Defensive nightmare

DAN TOTH -- Calgary Sun

, Last Updated: 8:44 AM ET

The CFL sack race is one of those glamour stats in football, fodder for chest thumping among the game's heavyweight athletes who battle in the trenches for a shot at the quarterback.

While fans take note of the numbers, it also earns the unwavering attention of QBs across Canada. The men in the crosshairs know better than anyone which teams pose the greatest threat.

Henry Burris is aware of what's in store today when his Stampeders face the Eskimos defence, first in the league with 30 sacks, ahead of second-place Calgary (27).

Eskies defensive ends Rashad Jeanty and Joe Montford, with six and five sacks, respectively, this season, lead a pass rush that is statistically the most feared in the country.

"Oh yeah, they have two of the best ends in the league and maybe the best front four," agreed Burris, noting the Eskimos LB crew is also as QB hungry as any group in the CFL. "Those guys really come after you and put a lot of pressure on you. That's their job. You can tell when you watch film their coaching staff just says, 'Get to the ball.' "

Burris can take comfort in knowing the Stamps offence has allowed the third-fewest sacks this season (14) while a consistent rushing attack from Joffrey Reynolds will help alleviate some of the pressure today.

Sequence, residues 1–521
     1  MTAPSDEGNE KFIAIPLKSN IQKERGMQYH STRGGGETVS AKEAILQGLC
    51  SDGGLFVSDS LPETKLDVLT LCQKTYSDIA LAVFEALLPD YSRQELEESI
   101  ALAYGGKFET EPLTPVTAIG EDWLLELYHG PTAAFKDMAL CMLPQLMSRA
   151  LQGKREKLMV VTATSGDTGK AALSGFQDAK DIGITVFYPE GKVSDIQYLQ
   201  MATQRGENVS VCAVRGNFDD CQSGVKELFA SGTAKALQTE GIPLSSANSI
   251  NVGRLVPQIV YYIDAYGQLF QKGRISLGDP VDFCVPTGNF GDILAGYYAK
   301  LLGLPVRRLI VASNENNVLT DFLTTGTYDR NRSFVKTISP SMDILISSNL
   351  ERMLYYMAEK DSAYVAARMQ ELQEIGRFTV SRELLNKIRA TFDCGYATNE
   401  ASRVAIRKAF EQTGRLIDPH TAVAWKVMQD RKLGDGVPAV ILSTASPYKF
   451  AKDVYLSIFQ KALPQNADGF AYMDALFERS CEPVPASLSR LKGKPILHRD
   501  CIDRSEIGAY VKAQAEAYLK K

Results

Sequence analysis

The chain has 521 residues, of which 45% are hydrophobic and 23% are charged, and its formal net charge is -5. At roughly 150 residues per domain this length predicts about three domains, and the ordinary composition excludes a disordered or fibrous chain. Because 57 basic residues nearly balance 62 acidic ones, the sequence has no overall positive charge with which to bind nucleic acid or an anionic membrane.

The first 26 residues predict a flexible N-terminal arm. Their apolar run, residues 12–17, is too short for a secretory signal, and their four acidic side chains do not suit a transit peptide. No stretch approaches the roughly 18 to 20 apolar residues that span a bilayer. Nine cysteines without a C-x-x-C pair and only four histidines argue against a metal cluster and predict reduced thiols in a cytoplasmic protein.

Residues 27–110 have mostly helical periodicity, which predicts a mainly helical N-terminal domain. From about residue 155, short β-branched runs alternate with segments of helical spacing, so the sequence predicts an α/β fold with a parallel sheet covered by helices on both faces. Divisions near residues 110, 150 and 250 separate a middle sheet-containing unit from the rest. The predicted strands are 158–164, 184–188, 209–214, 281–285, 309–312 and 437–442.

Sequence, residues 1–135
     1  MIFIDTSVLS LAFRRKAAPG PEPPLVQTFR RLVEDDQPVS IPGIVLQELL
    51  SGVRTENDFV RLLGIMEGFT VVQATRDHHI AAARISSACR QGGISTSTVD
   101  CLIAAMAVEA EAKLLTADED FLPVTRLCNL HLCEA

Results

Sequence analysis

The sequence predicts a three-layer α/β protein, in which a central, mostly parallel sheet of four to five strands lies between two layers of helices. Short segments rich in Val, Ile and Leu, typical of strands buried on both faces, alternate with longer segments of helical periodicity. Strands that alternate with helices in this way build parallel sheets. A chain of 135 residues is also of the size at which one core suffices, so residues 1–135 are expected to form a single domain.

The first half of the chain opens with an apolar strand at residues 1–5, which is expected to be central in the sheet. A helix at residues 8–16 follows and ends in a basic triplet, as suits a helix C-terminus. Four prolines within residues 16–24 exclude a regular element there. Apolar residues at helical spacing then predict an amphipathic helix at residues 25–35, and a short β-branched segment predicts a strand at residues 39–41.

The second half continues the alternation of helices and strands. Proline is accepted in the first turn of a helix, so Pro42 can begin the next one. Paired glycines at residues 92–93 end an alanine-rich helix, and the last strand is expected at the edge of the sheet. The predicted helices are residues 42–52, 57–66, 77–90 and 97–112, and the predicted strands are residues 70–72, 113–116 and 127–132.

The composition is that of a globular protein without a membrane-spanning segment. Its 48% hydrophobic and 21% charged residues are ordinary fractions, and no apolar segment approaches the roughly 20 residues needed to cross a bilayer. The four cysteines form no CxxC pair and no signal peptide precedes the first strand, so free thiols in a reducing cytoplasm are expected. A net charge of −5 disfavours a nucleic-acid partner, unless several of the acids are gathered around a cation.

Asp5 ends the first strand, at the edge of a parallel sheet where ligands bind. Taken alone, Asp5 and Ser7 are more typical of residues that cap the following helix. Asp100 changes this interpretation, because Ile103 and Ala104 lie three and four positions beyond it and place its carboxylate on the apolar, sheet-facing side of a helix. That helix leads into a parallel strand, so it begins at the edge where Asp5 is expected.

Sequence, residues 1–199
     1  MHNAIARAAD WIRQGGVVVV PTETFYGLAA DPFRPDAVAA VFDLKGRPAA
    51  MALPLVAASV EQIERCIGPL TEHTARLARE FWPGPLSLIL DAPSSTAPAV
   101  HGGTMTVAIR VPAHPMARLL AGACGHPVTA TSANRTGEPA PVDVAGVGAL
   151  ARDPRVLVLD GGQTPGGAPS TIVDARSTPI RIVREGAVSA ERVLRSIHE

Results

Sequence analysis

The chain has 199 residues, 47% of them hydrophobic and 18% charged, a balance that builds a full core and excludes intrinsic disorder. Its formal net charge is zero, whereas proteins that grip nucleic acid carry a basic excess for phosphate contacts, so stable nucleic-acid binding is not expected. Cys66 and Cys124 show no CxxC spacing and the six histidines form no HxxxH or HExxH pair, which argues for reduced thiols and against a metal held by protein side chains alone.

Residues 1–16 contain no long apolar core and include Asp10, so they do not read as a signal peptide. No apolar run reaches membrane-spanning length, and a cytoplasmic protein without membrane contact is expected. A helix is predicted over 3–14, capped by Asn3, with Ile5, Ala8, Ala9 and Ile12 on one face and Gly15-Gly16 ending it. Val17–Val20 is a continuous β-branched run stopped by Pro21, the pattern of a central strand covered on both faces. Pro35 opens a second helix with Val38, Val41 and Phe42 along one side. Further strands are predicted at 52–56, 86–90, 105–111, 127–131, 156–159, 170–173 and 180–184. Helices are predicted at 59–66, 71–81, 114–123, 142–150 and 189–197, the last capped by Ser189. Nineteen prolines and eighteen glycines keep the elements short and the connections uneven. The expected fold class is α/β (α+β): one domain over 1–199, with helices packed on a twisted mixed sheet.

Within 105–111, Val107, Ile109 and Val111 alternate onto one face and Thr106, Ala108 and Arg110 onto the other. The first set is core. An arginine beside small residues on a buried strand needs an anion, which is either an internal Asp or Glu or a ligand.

"Your o-line better know who's coming if they're bringing a blitz -- if not, they're going to get to you quick," Burris said.

"They're a good defensive line, one of the best we've met but you can always expect a physical game whenever you play Edmonton and we expect nothing different from these guys."

Jeanty, a former college teammate of Stampeders guard Taylor Robertson at Central Florida, enjoys watching the sack totals build. The 6-ft. 3-in., 230-lb. 22-year-old, points out he and Montford pose different threats for offensive lines.

"My strength is my speed and desire and then everything else takes care of itself," Jeanty said.

"With Joe's experience, he knows what's going to happen before it happens so he puts himself in positions where he can capitalize and take advantage of those things."

Robertson played two seasons with Jeanty at Central Florida.

"Montford's quicker laterally -- real quick side-to-side and can get around you real quick -- and he has a real good inside move," Robertson said. "Jeanty can beat you with speed around the edge and he has a real good bull rush. Overall, I think Jeant's got more moves, although I'm watching the inside guys more. Jeant's bigger, taller and has more weight on him."

As for the Esks pass rush?

"They have lot of different fronts, some real good blitzes so it's probably the best defence we've faced this year." Robertson said. "We've got a challenge ahead of us but as long as we do our jobs up front, everything will take care of itself."

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2005 LABOUR DAY CLASSIC

TODAY, 1 P.M., McMAHON, CBC


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